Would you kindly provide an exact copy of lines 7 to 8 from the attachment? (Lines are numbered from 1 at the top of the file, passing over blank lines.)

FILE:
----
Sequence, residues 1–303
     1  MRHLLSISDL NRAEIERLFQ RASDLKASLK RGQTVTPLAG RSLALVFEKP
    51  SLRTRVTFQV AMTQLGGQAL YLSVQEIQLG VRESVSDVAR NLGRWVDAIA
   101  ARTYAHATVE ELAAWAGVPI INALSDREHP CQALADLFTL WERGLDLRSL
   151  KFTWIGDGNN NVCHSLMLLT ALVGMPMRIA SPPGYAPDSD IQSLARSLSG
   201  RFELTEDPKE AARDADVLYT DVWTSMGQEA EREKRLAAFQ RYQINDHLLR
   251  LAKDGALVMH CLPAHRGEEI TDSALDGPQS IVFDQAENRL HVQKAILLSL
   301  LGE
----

   251  LAKDGALVMH CLPAHRGEEI TDSALDGPQS IVFDQAENRL HVQKAILLSL
   301  LGE